42. Furthermore, “the decline in population, due to a mentality against having children and promoted by the world politics of reproductive health, creates not only a situation in which the relationship between generations is no longer ensured but also the danger that, over time, this decline will lead to economic impoverishment and a loss of hope in the future. The development of bio-technology has also had a major impact on the birth rate”.18 Added to this are other factors such as “industrialization, the sexual revolution, the fear of overpopulation and economic problems… Consumerism may also deter people from having children, simply so they can maintain a certain freedom and lifestyle”.19 The upright consciences of spouses who have been generous in transmitting life may lead them, for sufficiently serious reasons, to limit the number of their children, yet precisely “for the sake of this dignity of conscience, the Church strongly rejects the forced State intervention in favour of contraception, sterilization and even abortion”.20 Such measures are unacceptable even in places with high birth rates, yet also in countries with disturbingly low birth rates we see politicians encouraging them. As the bishops of Korea have said, this is “to act in a way that is self-contradictory and to neglect one’s duty”.21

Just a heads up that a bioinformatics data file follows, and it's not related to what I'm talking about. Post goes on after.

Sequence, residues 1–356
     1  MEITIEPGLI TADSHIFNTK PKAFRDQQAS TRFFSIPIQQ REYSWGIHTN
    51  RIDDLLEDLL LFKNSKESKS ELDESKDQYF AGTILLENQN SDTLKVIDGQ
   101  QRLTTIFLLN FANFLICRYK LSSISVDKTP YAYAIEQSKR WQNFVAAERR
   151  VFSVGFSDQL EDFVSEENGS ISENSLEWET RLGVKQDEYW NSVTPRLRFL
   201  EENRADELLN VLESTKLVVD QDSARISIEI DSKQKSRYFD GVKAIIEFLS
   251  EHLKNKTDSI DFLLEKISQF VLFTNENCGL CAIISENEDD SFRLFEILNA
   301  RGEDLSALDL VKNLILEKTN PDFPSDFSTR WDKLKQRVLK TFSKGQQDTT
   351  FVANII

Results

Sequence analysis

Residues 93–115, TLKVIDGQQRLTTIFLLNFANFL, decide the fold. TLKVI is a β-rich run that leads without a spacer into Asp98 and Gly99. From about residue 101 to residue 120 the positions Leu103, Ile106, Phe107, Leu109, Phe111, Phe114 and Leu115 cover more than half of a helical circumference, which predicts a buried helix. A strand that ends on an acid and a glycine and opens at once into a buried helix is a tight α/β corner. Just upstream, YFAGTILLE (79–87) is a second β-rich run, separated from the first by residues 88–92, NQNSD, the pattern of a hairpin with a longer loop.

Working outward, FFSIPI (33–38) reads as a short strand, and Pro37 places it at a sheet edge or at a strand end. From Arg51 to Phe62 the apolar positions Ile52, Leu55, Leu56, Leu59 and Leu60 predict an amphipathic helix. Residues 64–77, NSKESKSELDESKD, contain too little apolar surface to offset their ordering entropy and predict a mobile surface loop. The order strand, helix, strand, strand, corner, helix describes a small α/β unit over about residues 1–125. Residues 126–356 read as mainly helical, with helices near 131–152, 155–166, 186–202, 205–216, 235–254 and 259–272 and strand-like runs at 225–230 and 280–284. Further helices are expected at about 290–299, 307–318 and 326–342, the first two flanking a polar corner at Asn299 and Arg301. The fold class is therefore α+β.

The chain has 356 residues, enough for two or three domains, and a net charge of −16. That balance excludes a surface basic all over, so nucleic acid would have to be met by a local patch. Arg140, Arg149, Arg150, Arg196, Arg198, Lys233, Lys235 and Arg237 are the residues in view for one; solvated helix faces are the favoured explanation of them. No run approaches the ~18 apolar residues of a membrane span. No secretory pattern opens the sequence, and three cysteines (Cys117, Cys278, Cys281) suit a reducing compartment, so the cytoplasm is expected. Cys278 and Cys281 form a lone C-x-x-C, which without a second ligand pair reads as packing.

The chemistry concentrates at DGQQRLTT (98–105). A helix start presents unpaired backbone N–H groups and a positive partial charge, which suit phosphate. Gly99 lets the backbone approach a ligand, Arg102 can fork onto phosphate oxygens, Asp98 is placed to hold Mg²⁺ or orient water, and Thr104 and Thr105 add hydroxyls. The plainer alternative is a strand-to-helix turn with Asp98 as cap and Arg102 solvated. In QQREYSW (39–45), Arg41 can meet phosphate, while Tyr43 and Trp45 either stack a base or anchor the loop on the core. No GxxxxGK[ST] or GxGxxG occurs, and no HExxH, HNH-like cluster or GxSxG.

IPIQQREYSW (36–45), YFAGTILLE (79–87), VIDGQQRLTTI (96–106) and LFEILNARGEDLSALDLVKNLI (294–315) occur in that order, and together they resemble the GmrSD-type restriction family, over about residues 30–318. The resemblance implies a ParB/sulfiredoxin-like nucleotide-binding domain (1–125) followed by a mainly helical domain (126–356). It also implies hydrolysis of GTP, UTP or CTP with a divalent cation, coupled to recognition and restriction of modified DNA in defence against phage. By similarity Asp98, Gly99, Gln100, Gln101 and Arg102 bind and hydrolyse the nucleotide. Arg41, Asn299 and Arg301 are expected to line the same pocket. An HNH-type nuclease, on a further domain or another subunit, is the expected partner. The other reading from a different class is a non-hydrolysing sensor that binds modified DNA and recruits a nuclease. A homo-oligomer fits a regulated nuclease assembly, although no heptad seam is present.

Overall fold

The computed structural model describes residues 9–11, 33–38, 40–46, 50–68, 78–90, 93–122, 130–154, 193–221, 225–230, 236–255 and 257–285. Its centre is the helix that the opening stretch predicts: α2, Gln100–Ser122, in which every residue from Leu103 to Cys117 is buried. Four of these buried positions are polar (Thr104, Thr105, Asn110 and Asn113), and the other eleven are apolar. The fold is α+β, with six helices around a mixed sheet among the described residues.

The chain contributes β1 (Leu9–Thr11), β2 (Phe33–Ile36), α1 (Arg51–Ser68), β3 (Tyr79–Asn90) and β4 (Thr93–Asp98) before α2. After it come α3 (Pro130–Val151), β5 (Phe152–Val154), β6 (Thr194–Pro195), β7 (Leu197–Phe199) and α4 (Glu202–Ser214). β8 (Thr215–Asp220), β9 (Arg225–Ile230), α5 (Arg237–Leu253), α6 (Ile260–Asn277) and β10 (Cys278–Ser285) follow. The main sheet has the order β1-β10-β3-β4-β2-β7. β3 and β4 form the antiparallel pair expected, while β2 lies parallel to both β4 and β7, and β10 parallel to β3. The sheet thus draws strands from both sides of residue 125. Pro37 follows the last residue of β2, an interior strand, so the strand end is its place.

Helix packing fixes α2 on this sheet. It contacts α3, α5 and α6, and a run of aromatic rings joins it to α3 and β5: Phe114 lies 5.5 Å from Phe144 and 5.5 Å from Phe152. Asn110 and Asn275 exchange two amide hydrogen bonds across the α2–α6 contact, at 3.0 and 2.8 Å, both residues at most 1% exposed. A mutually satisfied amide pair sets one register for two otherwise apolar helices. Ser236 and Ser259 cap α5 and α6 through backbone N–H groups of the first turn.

18 Relatio Synodi 2014, 10.
19 Relatio Finalis 2015, 7.
20 Ibid., 63.
21 Catholic Bishops’ Conference of Korea, Towards a Culture of Life! (15 March 2007), 2.
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